Maharashtra re-examines ‘wetland’ status for Navi Mumbai flamingo haven

Updated on Oct 21, 2020 11:18 AM IST
The team will make its submissions before the Bombay high court-appointed state wetland committee, which is headed by the Konkan commissioner, on October 27
On January 3, the Thane district administration had submitted its final report to the state government, which showed only three wetlands, excluding the ones in Navi Mumbai.(Pratik Chorge/HT Photo)
On January 3, the Thane district administration had submitted its final report to the state government, which showed only three wetlands, excluding the ones in Navi Mumbai.(Pratik Chorge/HT Photo)
Hindustan Times, Mumbai | By

The Thane district administration’s various bodies have undertaken a fresh verification drive from Monday to determine whether two sites in Navi Mumbai can be declared wetlands following an application by an environmentalist, who is also a local resident.

The team will make its submissions before the Bombay high court (HC)-appointed state wetland committee, which is headed by the Konkan commissioner, on October 27.

The team also identified debris dumping at the site and directed the City Industrial Development Corporation Ltd (Cidco), which is Navi Mumbai’s planning body, to clear it within a week.

Also read: Maharashtra forest department confirms mangroves were hacked at Navi Mumbai’s Panje; owner, Cidco to respond

The sites included the 21.9 hectare (ha) NRI Complex and 14.3-ha Training Ship Chanakya (TSC), where a record 9,000 flamingos had flocked in April and May.

However, both these sites were not included by the district administration in their final list of newly identified and verified wetlands in line with 2017 wetland rules that was submitted to the Maharashtra government’s environment department on January 3.

Cidco plans to develop a golf course and construct 17 buildings, including 1,564 flats and 20 office spaces, in the area, which have been opposed by environmentalists and the local residents.

The matter is pending before the Supreme Court.

Based on an application for rectification of their status in February by Sunil Agarwal, a petitioner before the Bombay HC on protection of these wetlands, the Konkan commissioner on September 27 had directed the Thane district collector to verify the submissions.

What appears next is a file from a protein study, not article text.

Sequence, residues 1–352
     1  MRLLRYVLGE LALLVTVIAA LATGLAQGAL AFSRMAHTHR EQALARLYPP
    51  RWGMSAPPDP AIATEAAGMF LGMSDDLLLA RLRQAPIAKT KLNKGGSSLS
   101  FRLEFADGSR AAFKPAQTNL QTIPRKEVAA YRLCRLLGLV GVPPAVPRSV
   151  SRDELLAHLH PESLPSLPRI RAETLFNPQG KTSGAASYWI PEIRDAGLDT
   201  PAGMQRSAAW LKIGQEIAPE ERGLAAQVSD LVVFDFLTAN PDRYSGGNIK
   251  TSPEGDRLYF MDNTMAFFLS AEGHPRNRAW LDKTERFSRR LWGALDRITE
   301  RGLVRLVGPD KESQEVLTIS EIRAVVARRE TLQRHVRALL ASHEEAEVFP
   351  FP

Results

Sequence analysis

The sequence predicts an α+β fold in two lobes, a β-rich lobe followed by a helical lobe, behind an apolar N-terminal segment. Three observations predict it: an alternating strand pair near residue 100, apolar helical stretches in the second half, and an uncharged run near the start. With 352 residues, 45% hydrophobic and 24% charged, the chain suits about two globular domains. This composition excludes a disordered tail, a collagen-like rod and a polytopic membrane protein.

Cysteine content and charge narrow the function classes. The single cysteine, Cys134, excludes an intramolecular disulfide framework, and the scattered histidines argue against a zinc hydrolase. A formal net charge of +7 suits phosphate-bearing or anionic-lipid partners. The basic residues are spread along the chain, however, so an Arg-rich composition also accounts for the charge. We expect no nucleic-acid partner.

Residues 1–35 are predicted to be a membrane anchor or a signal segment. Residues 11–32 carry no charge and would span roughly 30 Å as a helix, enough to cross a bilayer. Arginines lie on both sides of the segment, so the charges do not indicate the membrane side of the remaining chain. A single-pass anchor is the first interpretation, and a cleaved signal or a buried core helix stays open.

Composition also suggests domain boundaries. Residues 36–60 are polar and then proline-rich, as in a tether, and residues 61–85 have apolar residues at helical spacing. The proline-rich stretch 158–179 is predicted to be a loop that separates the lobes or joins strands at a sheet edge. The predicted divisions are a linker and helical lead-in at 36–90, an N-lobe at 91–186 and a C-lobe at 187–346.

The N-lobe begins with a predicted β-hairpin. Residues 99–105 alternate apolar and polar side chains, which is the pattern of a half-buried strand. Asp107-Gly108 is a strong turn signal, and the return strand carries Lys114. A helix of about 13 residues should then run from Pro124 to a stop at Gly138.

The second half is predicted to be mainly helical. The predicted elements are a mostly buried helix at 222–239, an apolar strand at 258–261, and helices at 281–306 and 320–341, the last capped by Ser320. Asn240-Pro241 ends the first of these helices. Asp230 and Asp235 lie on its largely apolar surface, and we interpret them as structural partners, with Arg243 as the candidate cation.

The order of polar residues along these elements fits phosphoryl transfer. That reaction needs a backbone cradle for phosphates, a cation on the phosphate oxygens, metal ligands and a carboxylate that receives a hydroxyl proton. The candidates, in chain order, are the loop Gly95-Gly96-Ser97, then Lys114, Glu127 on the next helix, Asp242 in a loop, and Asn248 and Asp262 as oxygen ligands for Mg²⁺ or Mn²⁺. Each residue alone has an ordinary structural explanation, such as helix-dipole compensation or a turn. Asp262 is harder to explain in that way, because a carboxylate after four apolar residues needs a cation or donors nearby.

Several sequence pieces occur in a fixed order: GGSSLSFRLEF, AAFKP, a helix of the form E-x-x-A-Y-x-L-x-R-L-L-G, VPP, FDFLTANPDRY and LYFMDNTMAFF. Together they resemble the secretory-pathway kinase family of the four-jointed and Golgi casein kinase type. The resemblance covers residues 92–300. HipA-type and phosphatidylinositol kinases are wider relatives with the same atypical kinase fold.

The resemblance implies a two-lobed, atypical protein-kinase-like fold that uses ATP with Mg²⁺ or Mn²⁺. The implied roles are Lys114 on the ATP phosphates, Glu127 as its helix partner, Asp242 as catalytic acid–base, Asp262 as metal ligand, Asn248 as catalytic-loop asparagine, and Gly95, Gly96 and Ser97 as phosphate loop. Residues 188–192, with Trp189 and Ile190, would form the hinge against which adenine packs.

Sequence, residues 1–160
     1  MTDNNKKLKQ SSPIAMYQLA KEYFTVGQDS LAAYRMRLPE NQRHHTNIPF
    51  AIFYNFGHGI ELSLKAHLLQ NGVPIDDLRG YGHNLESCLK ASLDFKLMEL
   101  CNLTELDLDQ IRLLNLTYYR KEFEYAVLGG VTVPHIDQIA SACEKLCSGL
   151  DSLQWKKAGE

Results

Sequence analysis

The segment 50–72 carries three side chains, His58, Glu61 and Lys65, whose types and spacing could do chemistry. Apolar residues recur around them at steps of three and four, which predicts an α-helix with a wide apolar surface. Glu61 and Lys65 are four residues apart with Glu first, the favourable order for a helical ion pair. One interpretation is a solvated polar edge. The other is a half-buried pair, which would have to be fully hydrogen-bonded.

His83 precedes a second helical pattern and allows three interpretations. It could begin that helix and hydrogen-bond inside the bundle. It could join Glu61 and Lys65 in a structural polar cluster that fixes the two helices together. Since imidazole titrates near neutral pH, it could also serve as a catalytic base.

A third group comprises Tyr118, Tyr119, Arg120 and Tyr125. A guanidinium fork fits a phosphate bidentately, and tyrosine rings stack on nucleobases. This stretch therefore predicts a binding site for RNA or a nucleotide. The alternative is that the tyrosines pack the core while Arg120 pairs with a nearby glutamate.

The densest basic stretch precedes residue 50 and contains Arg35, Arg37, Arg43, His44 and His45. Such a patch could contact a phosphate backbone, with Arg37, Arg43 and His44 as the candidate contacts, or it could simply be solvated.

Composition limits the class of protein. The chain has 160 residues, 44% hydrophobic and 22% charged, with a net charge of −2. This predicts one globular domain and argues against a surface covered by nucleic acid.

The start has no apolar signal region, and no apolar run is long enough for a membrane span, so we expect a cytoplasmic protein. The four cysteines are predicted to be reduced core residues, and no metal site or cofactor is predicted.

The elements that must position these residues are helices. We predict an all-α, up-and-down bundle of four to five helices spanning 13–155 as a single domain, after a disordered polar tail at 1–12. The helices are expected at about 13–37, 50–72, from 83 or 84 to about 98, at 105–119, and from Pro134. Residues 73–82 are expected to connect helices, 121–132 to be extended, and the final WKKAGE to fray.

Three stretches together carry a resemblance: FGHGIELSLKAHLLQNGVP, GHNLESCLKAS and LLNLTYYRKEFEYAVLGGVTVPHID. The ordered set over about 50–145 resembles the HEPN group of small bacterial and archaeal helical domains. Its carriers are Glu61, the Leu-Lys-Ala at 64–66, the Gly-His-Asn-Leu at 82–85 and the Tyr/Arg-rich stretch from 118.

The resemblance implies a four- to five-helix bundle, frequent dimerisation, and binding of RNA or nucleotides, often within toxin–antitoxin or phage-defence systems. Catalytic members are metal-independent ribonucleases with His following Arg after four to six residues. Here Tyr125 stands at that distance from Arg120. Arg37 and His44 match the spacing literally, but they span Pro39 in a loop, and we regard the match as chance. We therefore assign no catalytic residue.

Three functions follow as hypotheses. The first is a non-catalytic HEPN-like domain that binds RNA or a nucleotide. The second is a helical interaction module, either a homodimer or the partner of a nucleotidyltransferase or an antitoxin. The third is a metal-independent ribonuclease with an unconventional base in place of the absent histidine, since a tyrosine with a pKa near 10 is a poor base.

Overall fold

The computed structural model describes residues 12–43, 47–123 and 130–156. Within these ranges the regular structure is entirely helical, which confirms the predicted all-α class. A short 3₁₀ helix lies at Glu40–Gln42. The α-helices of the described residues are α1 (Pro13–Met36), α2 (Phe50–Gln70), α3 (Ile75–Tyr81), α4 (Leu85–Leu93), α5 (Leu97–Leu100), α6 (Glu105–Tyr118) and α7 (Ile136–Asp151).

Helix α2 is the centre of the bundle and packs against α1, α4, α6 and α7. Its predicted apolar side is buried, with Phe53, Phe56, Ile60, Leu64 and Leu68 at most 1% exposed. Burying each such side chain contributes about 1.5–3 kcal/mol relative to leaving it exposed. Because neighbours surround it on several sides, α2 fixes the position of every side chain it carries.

District officials said the areas could be declared as wetlands.

“We found that both these areas have all the features of wetlands and are also rich in biodiversity,” said Yuvraj Bangar, tehsildar (revenue officer), Thane.

“We are not aware of the Cidco’s stand. But a final report has been prepared by the sub-divisional officer (SDO) and will be presented before the Konkan commissioner on October 27. The matter will also be presented before the Thane district collector on Wednesday,” he added.

Avinash Shinde, SDO, Thane, said another complaint about construction materials dumped in TSC was identified by the joint inspection team on Monday. “We have been promised by Cidco that the debris from the area will be removed within seven days, and they will submit a compliance report before the HC-appointed committee,” he said.

Pramod Patil, nodal officer (environment), Cidco, said, “We are not aware, who dumped the debris, but we will ensure that it is removed. However, these two sites are not wetlands. They are land parcels and revenue records show them as saltpans and agricultural lands. As per 2017 wetland rules, these lands do not qualify to be declared as wetlands.”

On January 3, the Thane district administration had submitted its final report to the state government, which showed only three wetlands, excluding the ones in Navi Mumbai.

“We were surprised that the final report had left out these two key wetlands. Our application cited the reasons for their inclusion. We are hopeful that these two wetlands will be added to the verified list and a natural habitat for flamingos will be protected from concrete urban jungle and the proposed golf course,” said Agarwal.

‘Both sites extraordinary wetlands, land cannot be diverted for other use’

Bombay Natural History Society (BNHS) authorities said that both the sites at Navi Mumbai have displayed essential wetland characteristics. “These are extraordinary wetlands that are used by a large number of migratory and resident water birds. On an average, around 50,000 birds, including around 15,000 near threatened lesser flamingos, can be observed roosting at this site at high tides during winter . We have recommended this site to be declared as protected areas in the studies carried out for the proposed Navi Mumbai International Airport (NMIA) and Mumbai Trans-Harbour Link (MTHL). Conversion of this land for a different purpose such as a golf course will jeopardise the air safety of the proposed airport, as birds may start using the NMIA and its influence zone for roosting purposes. This land should not be diverted to any other use,” BNHS had said in two separate reports to the state government.

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  • ABOUT THE AUTHOR

    Badri Chatterjee is an environment correspondent at Hindustan Times, Mumbai. He writes about environment issues - air, water and noise pollution, climate change - weather, wildlife - forests, marine and mangrove conservation

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